Canadian Jewish Political Affairs Committee
We Are a Country of Peace

For weeks now, Canadians have watched as innocent civilians on all sides have been killed in Lebanon, Israel and the Palestinian territories. For Lebanese Canadians, whose families have been fleeing the violence and for Jewish Canadians whose relatives may be hiding in bunkers, emotions are very raw. None of us can pretend the conflict is happening to someone else, far away. In a real sense, it is happening to Canadians. The conflict is sowing discord among us at a time when we should be standing together.

Canada can play a significant role in reducing the suffering, but first we need to agree together why this terrible conflict is so dangerous.

Hezbollah’s strategy is to lure Israel into an escalation of violence that will radicalize the Arab world and cause Israel to lose its remaining international support. The terrible tragedy in Qana, which claimed 57 lives, is thus a victory for Hezbollah. But that is not all. Hezbollah then hopes to draw Israel into a wider conflict which would result in its ultimate destruction. In this terrible struggle, Israel cannot win, Hezbollah cannot lose and Lebanon perishes.
Israel must not play Hezbollah’s game. It must defend itself, but to persist in its military campaign would only give Hezbollah what it wants: continuing carnage in Lebanon and weakening world support for Israel. Canada should be saying to Israel that there are no further military options in Lebanon that do not risk destroying Lebanon and ultimately endangering its own security.

If Israel persists, there is a danger that it will lose control of the situation. Hezbollah cannot be wiped out militarily. They have support among Lebanese Shiites, because they provide social welfare and have the blessing of the mullahs. They also have political power, having won parliamentary seats in free elections. Further military action by Israel may only strengthen Hezbollah’s political power in Lebanon.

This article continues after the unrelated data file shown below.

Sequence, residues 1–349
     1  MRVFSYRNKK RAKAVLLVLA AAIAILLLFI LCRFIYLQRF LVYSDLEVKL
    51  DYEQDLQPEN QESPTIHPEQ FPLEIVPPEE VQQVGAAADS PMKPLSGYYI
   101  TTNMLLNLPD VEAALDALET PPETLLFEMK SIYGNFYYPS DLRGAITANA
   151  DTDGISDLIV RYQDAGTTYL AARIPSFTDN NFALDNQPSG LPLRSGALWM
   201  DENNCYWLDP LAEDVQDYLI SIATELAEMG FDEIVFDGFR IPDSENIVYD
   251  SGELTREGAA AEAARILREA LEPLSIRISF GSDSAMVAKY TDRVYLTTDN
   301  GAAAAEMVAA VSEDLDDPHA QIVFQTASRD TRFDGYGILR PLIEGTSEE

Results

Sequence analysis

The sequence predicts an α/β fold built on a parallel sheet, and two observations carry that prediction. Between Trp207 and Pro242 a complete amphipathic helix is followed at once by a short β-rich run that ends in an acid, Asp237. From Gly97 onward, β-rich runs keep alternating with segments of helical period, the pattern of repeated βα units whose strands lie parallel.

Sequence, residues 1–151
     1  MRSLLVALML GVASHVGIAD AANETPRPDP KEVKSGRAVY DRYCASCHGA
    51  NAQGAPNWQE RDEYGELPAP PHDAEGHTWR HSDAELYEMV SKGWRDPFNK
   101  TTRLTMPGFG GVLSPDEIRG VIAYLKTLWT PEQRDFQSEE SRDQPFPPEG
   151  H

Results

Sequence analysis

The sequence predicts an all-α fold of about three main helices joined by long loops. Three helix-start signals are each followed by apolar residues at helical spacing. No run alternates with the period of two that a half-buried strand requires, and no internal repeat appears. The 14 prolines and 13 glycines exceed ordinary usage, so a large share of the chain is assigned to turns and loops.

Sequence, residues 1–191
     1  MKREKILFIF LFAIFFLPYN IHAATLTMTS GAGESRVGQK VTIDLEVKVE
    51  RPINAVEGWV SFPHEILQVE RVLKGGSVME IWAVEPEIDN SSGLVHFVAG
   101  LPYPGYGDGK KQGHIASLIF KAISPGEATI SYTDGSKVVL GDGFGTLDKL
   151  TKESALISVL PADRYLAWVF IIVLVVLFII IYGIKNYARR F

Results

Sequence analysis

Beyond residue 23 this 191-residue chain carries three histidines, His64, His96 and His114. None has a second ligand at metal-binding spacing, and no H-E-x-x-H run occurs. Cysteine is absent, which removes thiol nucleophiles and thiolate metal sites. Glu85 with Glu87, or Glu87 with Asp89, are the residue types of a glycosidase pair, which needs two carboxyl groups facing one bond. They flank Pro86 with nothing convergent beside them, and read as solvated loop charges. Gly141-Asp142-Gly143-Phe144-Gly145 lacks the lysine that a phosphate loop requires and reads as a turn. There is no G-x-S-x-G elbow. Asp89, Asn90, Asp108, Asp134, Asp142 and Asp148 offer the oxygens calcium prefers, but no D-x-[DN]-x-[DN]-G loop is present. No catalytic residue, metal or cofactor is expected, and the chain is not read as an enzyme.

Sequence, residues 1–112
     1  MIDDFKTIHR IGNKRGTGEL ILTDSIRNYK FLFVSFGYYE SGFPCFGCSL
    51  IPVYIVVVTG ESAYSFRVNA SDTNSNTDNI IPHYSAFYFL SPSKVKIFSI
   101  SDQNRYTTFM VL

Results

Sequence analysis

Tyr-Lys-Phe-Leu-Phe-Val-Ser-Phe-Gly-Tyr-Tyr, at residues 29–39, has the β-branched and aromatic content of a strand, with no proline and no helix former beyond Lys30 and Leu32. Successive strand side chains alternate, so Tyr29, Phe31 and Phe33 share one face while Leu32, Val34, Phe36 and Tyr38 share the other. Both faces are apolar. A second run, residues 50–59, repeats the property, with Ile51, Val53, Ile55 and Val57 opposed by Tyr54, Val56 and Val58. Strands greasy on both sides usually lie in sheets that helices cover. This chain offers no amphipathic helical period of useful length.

Hezbollah’s backers– Iran and Syria– are providing it with advanced military equipment. If Iran flashes a green light, Hezbollah could launch long-range, heavy payload weapons on Tel Aviv and Jerusalem. Israel has warned Iran that if it encourages Hezbollah to escalate, what happened to Beirut will happen to Tehran. But Israel cannot be sure that Tehran will get the message. If anyone miscalculates, the struggle risks turning into a full-scale conflict between states with unforeseeable yet devastating consequences.

Who can stop this struggle before it gets out of control? In the 1990’s, the Clinton administration managed to keep all parties focused on a peace process leading to a two-state solution of the Israeli-Palestinian conflict. Such a solution remains the only long-term hope for peace. The Bush Administration has done little or nothing to keep the parties focused on peace, and it is bogged down in a grinding insurgency in Iraq. Worse still, the US Administration has still not called for an immediate cease-fire.

The Harper government’s response has been inadequate. It has failed to address the damage that the conflict is doing to relations between communities in Canada; it has failed to grasp just how serious the situation could become, and it has failed to stake out the positive role that Canada could play in defusing the crisis.
It’s time for Canada to do its part in stopping this march to the abyss. It should call for an immediate cease-fire, authorized by the Security Council. It should line up with the Europeans and moderate Arab states issuing the same call. Under such a cease-fire deal, Israeli forces would withdraw, aerial bombardment would cease and Hezbollah would stop rocket attacks and incursions into Israeli territory.

Once a cease-fire has taken hold, Canada should propose the deployment of an international naval, air and land force to prevent the movement of missiles and other military technology into Lebanon. These weapons come by land through Syria and by sea through the Mediterranean. Such a force should be deployed at all Lebanese ports and land borders. An additional naval force should patrol Lebanese waters. The force should be authorized by the UN Security Council to seize any weapons destined for Hezbollah or any non-state actor in the region.
Such a force would not engage in direct confrontation with Hezbollah or with the Israelis but patrol a buffer zone between them.

Canada’s commitments in Afghanistan preclude sending ground troops on this mission, but Canada could participate in the naval interdiction effort in the Mediterranean. Canada’s navy has already played this role in the Gulf and would be well equipped to do so again.

The goal here is limited but vital: to create demilitarized zones between combatants and to bar the entry of the advanced weaponry that risks widening the local conflict into a regional conflagration.

Once a cease-fire is in place, and the interdiction force deployed, Canada could form a ‘friends of Lebanon’ club, a group of states to work with the Lebanese government to reconstruct the country’s shattered infrastructure. Germany played this role after the Afghanistan war of 2001, and Canada could play the same role in Lebanon.

We are a country of peace-makers, especially because we are also a country of immigrants, many of whom have come to Canada to escape the horrors of conflict. As a nation of immigrants from the zones of war, we have a special vocation for peace, and it is by exercising this vocation that we maintain our unity as a people. We have a voice that other countries listen to. Let us use it.

[August 1, 2006]